Australia's #1 for Law
Join 150,000 Australians every month. Ask a question, respond to a question and better understand the law today!
FREE - Join Now
A mother is the female parent of a child. Mothers are women who inhabit or perform the role of bearing some relation to their children, who may or may not be their biological offspring. Thus, dependent on the context, women can be considered mothers by virtue of having given birth, by raising their child(ren), supplying their ovum for fertilisation, or some combination thereof. Such conditions provide a way of delineating the concept of motherhood, or the state of being a mother. Women who meet the third and first categories usually fall under the terms 'birth mother' or 'biological mother', regardless of whether the individual in question goes on to parent their child. Accordingly, a woman who meets only the second condition may be considered an adoptive mother, and those who meet only the first or only the third a surrogacy mother.
An adoptive mother is a female who has become the child's parent through the legal process of adoption. A biological mother is the female genetic contributor to the creation of the infant, through sexual intercourse or egg donation. A biological mother may have legal obligations to a child not raised by her, such as an obligation of monetary support. A putative mother is a female whose biological relationship to a child is alleged but has not been established. A stepmother is a female who is the wife of a child's father and they may form a family unit, but who generally does not have the legal rights and responsibilities of a parent in relation to the child.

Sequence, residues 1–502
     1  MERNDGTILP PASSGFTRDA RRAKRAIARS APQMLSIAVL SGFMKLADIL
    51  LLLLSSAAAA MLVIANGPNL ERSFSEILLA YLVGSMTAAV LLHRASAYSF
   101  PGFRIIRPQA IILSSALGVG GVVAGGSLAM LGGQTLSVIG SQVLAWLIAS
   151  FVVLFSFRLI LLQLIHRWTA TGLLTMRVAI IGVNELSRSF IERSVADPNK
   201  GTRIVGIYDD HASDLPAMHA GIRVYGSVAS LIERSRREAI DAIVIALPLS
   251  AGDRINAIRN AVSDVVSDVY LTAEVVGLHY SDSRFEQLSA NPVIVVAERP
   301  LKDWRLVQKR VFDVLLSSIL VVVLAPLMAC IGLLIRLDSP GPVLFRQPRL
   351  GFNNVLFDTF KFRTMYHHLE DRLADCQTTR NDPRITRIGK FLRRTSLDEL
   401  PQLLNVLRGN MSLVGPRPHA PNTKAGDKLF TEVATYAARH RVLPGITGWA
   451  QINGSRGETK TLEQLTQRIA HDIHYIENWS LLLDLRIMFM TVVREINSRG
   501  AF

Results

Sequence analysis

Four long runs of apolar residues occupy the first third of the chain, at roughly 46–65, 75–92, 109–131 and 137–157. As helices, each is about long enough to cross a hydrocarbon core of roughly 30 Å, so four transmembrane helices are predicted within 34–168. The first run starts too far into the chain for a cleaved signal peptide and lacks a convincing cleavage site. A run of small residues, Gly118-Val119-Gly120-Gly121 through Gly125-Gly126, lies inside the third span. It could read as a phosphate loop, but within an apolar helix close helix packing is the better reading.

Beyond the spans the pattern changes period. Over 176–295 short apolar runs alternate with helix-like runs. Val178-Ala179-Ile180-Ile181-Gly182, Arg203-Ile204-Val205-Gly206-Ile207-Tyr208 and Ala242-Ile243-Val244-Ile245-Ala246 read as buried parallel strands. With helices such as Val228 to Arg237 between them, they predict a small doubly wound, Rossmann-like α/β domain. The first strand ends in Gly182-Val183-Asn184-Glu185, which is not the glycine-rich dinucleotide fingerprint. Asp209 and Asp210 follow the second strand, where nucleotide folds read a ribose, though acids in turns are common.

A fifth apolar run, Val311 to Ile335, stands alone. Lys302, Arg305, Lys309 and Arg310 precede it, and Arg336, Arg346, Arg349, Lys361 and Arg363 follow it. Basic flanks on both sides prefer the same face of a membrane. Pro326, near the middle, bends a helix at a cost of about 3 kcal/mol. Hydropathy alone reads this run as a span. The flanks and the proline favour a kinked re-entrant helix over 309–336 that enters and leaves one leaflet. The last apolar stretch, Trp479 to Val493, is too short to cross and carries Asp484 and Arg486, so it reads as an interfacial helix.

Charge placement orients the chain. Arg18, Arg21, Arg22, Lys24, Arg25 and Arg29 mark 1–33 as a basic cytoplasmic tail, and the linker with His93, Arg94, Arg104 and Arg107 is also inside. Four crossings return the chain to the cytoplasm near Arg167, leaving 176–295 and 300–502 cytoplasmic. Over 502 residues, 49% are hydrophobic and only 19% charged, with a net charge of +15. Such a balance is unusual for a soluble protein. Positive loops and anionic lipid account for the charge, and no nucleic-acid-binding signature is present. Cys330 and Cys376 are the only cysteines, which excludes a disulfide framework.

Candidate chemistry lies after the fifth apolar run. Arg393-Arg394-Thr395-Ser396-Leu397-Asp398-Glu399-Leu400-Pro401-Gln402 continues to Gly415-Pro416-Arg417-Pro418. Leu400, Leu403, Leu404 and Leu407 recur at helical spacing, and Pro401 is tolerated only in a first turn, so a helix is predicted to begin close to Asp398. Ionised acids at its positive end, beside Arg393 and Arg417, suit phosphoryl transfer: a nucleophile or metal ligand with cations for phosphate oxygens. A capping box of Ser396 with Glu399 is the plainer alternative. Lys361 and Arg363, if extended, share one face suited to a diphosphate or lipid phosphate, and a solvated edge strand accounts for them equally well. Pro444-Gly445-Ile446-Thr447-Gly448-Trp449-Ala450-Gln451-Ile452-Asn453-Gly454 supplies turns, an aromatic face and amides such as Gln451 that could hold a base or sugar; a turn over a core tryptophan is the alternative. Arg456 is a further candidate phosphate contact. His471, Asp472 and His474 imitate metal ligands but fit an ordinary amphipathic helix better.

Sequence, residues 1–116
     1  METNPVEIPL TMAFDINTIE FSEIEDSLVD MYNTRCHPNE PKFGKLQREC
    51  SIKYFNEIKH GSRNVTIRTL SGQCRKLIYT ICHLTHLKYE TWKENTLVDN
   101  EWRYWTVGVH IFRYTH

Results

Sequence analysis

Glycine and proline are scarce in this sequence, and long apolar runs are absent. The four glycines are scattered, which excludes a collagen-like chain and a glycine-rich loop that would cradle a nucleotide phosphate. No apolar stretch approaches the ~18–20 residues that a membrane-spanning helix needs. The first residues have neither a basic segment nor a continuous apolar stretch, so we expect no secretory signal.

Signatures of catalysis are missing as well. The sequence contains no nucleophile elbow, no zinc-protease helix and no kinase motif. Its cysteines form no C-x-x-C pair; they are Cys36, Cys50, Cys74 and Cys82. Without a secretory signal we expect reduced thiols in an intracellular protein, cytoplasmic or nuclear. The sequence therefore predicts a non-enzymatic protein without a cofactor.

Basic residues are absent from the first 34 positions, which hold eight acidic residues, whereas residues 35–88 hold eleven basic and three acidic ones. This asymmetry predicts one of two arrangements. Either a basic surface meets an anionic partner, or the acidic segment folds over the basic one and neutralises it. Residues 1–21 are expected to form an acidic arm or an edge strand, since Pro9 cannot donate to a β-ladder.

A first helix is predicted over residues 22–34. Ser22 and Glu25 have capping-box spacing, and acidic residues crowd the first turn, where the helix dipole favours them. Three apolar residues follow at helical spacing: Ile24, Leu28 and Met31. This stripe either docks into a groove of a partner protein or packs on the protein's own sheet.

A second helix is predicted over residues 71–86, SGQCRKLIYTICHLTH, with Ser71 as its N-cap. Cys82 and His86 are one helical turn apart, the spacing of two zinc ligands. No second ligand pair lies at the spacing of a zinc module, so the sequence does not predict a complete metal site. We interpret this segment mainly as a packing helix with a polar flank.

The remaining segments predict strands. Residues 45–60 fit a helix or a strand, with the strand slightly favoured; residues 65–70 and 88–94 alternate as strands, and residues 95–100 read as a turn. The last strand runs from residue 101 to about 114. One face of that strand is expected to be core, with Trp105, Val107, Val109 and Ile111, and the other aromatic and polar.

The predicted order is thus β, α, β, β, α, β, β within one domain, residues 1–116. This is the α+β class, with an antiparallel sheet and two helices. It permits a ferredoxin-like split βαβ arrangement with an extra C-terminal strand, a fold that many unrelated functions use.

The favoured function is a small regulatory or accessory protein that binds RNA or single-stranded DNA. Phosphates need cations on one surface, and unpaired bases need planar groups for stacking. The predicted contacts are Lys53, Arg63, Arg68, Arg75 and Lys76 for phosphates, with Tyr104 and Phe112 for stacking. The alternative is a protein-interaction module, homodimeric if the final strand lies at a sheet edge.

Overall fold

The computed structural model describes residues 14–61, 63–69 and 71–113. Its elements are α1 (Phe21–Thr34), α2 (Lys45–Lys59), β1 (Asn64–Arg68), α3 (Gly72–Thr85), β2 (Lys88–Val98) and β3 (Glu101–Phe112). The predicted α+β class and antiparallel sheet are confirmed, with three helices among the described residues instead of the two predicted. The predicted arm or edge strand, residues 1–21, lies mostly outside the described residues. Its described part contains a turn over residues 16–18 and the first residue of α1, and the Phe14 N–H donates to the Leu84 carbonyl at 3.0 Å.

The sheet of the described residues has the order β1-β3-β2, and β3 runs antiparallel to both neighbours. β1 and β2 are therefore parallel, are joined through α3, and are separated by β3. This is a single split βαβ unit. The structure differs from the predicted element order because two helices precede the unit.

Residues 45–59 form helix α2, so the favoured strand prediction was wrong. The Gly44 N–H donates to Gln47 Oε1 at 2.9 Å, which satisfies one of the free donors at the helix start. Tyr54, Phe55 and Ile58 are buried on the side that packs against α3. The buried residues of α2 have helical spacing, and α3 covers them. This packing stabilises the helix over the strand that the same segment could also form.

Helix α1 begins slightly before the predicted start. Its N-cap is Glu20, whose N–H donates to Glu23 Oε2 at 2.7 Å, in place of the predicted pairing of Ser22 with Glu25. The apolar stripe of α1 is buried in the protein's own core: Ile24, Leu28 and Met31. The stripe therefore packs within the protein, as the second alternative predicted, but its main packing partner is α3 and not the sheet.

The above concepts defining the role of mother are neither exhaustive nor universal, as any definition of 'mother' may vary based on how social, cultural, and religious roles are defined. The parallel conditions and terms for males: those who are (typically biologically) fathers do not, by definition, take up the role of fatherhood. Motherhood and fatherhood are not limited to those who are or have parented. Women who are pregnant may be referred to as expectant mothers or mothers-to-be, though such applications tend to be less readily applied to (biological) fathers or adoptive parents. The process of becoming a mother has been referred to as "matrescence".The adjective "maternal" refers to a mother and comparatively to "paternal" for a father. The verb "to mother" means to procreate or to sire a child from which also derives the noun "mothering". Related terms of endearment are mom (mama, mommy), mum, mumsy, mamacita (ma, mam) and mammy. A female role model that children can look up to is sometimes referred to as a mother-figure.

View More On
  1. B

    NSW Am I a bad person if I refuse my mother live in my house? Elder Abuse?

    I am 37 years old and mum of two. My mum is 61 years old. She is single. She doesn’t have any income, so she lives with me and my husband. But she wants to control everything. Every time we went holiday, we have to take her with us, because she said she is afraid to live at home by herself. And...
  2. A

    WA Father sends son Letter of administration 10 years after mother has deceased